There are many methods of probability sampling. The commonly used methods are as follows:
* Simple random sampling
* Systematic random sampling
* Stratified sampling
* Area sampling
We will briefly explain each of these methods.
Simple random sampling:
A simple random sample is a sample wherein any item of the population is as likely to be selected as any other item. In other words, all items of the population have equal chances of being selected in the sample. Lottery is one method of selecting a simple random sample. In fact, the simple random method is commonly known by the name as ‘lottery sampling’. When the size of the population is manageable, selecting a random sample by picking lotteries will be practicable.
Researchers often turn to the random table or the table of random numbers. This is a table that has been prepared by statisticians for the purpose of selecting random samples. This table can be readily used by any one for developing a random sample out of a given population. It is a set of numbers in which each of the digits from 0 to 9 has the same chance of appearing in all positions. Different random tables have been created for helping the selection of random samples. The tables of Tippet, Isher, Kendall and Mahalonobis are some commonly used random tables. If the population is infinite or unlimited, then a random table may not help. It will be helpful only when the population is finite, well-defined and a complete list of the units of the population is available.
There is only a small difference between simple random sampling and systematic sampling. Systematic sampling involves selecting every ‘n’th unit from the population after the beginning unit is selected at random. The interval ‘n’ is fixed by dividing the population by sample size. For example, if the population consists of 500 elements and a sample of 50 elements is required, the sample interval will be fixed as 500/50=10. Thus, every tenth unit from the previously ordered population can be taken to get the systematic sample of 50 elements. Normally, the start is fixed by selecting a random number in the above case, between 1 and 10. If this happens to be 5, every tenth number from it, i.e 15, 25, 35 and so on are selected to get the sample required. Systematic sampling can increase the sample’s representation when the population elements can be ordered in some pattern with regards to the characteristic being investigated.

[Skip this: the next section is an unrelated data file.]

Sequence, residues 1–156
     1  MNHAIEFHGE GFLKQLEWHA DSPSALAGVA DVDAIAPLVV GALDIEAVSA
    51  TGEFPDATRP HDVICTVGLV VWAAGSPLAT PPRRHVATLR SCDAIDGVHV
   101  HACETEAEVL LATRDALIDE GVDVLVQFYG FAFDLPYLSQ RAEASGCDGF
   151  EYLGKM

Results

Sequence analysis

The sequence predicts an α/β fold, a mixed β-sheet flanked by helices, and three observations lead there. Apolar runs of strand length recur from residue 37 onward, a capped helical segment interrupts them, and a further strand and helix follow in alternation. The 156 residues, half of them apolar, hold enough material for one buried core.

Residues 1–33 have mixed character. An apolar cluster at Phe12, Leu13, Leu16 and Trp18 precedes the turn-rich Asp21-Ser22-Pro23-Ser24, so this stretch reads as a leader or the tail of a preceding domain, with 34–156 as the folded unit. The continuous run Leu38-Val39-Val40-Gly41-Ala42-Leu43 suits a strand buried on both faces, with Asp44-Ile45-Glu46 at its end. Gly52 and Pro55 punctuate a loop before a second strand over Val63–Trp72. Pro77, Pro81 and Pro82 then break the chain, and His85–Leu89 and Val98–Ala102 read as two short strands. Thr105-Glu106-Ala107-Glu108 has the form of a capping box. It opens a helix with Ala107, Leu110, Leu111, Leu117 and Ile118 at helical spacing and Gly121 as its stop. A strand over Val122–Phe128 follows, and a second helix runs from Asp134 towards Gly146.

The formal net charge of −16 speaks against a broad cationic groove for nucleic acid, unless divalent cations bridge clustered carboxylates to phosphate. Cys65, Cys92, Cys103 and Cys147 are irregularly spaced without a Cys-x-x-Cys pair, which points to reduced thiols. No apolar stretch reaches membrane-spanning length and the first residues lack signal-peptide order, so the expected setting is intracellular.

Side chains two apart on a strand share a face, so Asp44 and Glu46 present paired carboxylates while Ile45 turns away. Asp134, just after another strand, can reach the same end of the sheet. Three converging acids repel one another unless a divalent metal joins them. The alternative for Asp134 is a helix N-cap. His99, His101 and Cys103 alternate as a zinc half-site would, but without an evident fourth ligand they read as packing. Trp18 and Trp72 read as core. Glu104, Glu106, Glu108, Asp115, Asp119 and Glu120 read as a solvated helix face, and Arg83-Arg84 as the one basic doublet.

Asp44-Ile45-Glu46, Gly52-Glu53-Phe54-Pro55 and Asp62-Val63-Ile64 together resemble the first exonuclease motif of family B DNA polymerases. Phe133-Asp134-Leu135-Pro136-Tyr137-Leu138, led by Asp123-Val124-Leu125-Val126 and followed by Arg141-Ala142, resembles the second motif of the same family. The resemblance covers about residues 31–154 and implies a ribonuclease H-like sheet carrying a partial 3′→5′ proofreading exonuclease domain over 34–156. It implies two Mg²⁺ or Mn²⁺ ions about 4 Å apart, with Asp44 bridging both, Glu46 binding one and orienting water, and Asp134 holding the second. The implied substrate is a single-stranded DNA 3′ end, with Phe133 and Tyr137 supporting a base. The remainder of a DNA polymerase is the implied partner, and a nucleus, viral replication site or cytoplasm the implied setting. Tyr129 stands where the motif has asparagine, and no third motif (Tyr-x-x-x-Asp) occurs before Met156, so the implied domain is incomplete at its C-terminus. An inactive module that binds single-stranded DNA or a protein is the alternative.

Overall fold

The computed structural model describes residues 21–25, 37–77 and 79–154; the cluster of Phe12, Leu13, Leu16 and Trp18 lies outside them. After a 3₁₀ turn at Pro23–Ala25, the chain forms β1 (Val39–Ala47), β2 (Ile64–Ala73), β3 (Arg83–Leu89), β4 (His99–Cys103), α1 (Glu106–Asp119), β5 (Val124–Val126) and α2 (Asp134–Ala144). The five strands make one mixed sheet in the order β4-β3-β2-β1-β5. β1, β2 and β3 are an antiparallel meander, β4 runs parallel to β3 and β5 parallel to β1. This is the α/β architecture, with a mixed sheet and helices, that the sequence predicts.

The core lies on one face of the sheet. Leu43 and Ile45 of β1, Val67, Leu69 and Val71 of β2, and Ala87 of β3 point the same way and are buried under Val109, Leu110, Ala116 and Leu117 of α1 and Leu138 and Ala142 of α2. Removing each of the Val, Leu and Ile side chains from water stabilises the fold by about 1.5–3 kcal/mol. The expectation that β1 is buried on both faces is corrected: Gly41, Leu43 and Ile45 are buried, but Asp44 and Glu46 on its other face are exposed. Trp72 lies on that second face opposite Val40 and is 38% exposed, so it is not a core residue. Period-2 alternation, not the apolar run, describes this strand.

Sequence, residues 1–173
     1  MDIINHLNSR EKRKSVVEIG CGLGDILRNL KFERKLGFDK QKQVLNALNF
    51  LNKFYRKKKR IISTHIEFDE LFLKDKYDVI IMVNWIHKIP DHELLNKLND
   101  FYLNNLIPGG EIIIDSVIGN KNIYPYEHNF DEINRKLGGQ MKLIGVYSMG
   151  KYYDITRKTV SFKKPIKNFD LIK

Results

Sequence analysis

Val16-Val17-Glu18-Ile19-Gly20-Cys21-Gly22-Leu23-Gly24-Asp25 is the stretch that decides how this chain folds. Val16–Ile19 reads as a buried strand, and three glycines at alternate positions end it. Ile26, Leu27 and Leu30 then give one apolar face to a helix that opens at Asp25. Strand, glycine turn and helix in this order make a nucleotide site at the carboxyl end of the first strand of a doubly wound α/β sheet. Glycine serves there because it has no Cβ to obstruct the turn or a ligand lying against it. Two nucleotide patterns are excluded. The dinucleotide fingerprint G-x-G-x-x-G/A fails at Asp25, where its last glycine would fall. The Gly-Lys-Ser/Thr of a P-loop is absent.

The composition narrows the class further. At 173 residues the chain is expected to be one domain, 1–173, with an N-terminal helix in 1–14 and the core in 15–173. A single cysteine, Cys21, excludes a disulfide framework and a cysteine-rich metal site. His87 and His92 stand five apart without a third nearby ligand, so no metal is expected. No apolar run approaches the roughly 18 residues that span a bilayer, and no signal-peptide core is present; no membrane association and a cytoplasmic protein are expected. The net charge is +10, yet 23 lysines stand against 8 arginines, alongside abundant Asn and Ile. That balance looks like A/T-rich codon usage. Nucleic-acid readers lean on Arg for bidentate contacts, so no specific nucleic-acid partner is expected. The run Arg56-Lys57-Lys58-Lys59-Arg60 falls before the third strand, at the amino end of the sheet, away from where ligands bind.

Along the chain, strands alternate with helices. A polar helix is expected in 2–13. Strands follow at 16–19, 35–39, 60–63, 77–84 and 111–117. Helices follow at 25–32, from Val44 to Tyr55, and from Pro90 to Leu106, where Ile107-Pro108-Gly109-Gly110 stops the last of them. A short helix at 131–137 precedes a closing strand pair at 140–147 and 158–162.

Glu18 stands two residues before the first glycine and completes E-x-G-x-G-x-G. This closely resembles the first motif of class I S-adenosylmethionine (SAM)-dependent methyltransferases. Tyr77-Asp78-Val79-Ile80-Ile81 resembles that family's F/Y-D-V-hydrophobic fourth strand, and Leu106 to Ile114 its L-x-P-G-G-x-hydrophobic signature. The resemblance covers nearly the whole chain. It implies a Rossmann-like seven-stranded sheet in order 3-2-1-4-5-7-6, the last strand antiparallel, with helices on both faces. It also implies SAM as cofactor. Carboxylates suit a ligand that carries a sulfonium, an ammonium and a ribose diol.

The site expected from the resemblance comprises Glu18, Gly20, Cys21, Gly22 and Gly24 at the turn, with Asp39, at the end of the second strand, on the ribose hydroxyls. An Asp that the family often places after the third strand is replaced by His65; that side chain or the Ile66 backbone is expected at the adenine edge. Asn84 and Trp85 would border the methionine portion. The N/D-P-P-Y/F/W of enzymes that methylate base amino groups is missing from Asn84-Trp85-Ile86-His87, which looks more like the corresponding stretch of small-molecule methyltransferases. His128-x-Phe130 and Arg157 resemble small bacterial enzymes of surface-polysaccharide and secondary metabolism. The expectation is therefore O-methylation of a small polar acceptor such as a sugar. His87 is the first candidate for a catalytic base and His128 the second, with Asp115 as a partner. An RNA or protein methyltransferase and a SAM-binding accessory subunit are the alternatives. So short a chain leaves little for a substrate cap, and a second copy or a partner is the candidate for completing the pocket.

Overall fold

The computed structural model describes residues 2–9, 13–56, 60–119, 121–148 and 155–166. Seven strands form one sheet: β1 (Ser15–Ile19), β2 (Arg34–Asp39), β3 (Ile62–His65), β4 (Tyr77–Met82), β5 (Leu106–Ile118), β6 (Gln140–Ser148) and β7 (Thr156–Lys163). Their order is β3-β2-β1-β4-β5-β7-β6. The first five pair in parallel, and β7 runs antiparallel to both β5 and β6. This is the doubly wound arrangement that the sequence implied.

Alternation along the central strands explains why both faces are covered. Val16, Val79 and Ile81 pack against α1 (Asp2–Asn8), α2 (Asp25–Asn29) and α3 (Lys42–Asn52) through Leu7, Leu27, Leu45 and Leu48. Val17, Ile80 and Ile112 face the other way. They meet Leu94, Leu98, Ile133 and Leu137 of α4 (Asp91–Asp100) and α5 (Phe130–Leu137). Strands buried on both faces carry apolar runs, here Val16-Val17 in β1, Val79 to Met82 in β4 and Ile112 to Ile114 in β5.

In this case, the population is divided into a few strata according to certain characteristics common to members within the strata. From each stratum, a specified number of units are picked by random means. These units together constitute a stratified sample. While resorting to stratified sampling, it is essential that the criteria used to stratify the population is directly associated with what the study is going to measure. In other words, stratification of a population should be done only if a direct correlation exists between the criteria for stratifying and the data sought by the study. Within stratified samples, there are two kinds: the proportional sample and the disproportional sample. In some cases, the number of sample units selected from each stratum may be proportional to the stratum’s share in the total population. In these cases, the samples are proportional samples. In certain marketing situations, sample units from each stratum may be taken based on certain assigned priorities and not on the basis of the stratum’s share in the total population. The samples in these cases are disproportional samples.
Area sampling is also a form of stratified sampling. In this case, the stratification is based on the criterion of locations. This method selects the sample units in several stages. At each stage a series of intermediary geographical blocks are selected on random basis. Finally, from within these blocks, the sample units are selected at random. The area and sub-area selections at each stage have to be validated to ensure randomness in the sample finally selected.